Thanks to an ‘Active Cyber Defence programme’ that it initiated last year, the National Cyber Security Centre was able to block 54 million online attacks and to take down 120,000 fake websites run by cyber criminals.
NCSC took down fake websites that imitated websites owned by public sector institutions like HMRC, Crown Prosecution Service, the Bank of England and several UK universities as part of its new Active Cyber Defence programme.
The National Cyber Security Centre released a report today highlighting its achievements under the ‘Active Cyber Defence programme’ that was launched last year. The Centre said that thanks to the success of the programme, the UK’s share of global phishing attacks has plummetted and attackers have been forced to change their behaviour.
Last year, as part of the new programme, NCSC introduced four new technologies- Web Check, DMARC, Public Sector DNS and a takedown service which were offered for free to help public institutions defend against sophisticated phishing attacks and to stop public sector systems veering onto malicious servers.
‘The ACD programme intends to increase our cyber adversaries’ risk and reduces their return on investment to protect the majority of people in the UK from cyber attacks. The results we have published today are positive, but there is a lot more work to be done. The successes we have had in our first year will cause attackers to change their behaviour and we will need to adapt,’ said Dr Ian Levy, Technical Director of the NCSC.
‘Our measures seem to already be having a great security benefit – we now need to incentivise others to do similar things to scale up the benefits to best protect the UK from commodity cyber attacks in a measurable way,’ he added.
According to NCSC, the new programme helped it remove 121,479 phishing sites hosted in the UK and 18,067 hosted in the rest of the world that spoofed UK government websites. It also blocked a total of 515,658 fake e-mails from bogus ‘@gov.uk’ accounts.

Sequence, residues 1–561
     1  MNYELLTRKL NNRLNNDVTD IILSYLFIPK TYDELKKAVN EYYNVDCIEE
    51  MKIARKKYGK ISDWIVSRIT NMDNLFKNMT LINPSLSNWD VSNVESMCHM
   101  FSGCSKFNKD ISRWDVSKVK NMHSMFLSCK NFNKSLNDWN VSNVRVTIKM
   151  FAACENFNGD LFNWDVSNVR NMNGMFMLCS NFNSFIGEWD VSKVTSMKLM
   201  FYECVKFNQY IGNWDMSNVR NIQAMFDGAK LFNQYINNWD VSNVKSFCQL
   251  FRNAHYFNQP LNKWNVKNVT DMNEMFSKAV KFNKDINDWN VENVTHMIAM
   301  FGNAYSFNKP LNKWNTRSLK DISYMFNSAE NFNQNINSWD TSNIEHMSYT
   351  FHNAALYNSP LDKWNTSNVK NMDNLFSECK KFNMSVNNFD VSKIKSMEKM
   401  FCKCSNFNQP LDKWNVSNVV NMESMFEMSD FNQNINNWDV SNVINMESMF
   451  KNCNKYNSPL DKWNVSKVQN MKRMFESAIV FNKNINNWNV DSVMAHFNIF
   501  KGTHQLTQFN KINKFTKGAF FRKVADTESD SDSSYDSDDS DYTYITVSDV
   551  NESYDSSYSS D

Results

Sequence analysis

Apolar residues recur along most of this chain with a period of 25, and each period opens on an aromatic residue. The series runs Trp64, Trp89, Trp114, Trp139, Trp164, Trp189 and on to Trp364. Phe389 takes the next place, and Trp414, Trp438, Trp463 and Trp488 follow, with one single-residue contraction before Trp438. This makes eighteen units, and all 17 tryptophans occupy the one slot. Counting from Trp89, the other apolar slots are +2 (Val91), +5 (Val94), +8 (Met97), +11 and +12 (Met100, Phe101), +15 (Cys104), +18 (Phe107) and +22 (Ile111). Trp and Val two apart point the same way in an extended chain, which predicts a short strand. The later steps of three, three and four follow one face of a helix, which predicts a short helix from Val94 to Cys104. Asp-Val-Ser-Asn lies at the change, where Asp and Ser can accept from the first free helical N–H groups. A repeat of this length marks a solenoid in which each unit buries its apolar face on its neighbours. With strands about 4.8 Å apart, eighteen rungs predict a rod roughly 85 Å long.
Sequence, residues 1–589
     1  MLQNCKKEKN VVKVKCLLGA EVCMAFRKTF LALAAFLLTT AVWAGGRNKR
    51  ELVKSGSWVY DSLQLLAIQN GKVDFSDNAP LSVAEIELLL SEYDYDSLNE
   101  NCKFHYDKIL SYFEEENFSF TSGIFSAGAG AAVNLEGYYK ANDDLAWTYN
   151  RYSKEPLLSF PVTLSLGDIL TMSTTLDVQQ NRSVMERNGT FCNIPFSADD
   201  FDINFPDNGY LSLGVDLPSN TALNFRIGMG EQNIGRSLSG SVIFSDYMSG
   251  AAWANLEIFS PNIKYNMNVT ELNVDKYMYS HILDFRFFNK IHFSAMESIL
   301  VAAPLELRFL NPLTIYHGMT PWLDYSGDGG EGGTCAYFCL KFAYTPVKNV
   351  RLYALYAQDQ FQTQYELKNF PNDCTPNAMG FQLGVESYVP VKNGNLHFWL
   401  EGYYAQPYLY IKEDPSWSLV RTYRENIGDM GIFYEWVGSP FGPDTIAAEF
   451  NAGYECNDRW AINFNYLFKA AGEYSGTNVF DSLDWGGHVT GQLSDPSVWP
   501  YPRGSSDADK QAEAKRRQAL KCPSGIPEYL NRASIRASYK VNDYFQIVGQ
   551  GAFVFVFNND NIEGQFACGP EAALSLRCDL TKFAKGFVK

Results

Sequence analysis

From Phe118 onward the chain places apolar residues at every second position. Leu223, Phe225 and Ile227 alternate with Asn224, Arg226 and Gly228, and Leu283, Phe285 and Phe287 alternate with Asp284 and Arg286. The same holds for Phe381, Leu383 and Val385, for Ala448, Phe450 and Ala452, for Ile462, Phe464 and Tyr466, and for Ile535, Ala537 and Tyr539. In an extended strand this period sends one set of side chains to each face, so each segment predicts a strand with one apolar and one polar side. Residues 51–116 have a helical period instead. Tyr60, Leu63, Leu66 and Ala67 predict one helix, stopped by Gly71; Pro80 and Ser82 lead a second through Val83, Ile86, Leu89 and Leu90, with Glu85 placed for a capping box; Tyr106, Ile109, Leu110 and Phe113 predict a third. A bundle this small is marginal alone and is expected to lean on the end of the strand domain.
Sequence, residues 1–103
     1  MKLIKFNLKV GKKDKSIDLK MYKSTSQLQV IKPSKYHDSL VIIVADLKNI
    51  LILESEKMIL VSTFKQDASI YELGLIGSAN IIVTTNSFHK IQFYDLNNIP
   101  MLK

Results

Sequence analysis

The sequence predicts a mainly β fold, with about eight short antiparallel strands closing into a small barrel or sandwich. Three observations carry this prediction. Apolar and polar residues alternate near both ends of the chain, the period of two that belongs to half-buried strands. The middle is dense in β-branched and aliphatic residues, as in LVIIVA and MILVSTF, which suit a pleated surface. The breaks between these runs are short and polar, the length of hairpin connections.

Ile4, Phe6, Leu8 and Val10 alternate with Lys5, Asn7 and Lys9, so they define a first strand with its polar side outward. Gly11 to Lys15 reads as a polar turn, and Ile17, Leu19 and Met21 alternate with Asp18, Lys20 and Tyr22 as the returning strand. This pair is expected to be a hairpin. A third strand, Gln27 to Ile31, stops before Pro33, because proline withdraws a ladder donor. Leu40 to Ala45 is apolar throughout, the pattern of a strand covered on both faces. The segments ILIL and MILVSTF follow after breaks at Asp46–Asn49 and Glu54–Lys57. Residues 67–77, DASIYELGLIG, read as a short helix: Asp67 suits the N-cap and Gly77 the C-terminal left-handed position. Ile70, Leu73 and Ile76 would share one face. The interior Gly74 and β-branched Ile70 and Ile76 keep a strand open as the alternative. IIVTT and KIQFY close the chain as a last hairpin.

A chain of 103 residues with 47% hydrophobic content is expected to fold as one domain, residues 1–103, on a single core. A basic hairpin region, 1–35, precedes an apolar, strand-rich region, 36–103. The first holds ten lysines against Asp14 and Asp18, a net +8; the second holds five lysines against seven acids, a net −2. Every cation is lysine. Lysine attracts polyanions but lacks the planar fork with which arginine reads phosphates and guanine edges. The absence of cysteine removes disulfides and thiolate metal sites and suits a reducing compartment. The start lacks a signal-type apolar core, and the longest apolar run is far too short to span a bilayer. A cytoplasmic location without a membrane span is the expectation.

NCSC also announced that an average 4.5 million malicious emails per month were blocked from reaching end users and that the number of such emails peaked at 30.3 million in June last year. More than 1 million security scans and 7 million security tests were also carried out on public sector websites to detect threats, and this helped reduce UK’s share of global phishing attacks from 5.3% in June to 3.1% in November last year.
For example, Web Check, one of the tools issued by NCSC, performed 1,033,250 individual scans running 7,181,464 individual tests, scanned 7,791 unique URLs across 6,910 unique domains and produced 4,108 advisories for customers. These advisories covered included 2,178 issues relating to certiﬁcate management, 1 relating to HTTP implementation, 184 relating to out of date content management systems, 1,629 relating to TLS implementation, 76 relating to out of date server software and 40 other issues.
Bob Rudis, Chief Data Scientist at Rapid7, terms the initiatives and results of NCSC’s ‘Active Cyber Defence programme’ as nothing short of incredible.
‘The NCSC has proved that with collaboration and appropriate support, it is possible to implement foundational cybersecurity monitoring, configuration, and reporting that fundamentally changes the economics for opportunistic/commodity attackers.
‘Each initiative covered in the report shows signs of real, measurable, positive impact, and at the same time, NCSC is providing clear, concise and effective tooling and reporting for defenders and business process owners.
‘We, as an industry, now have at-scale, baseline data that proves basic elements of cybersecurity — such as how DNS, email, web servers, SSL certificates and routing protocols are configured/tracked — can fundamentally change the behaviour of attackers and force them to move to more insecure targets,’ he adds.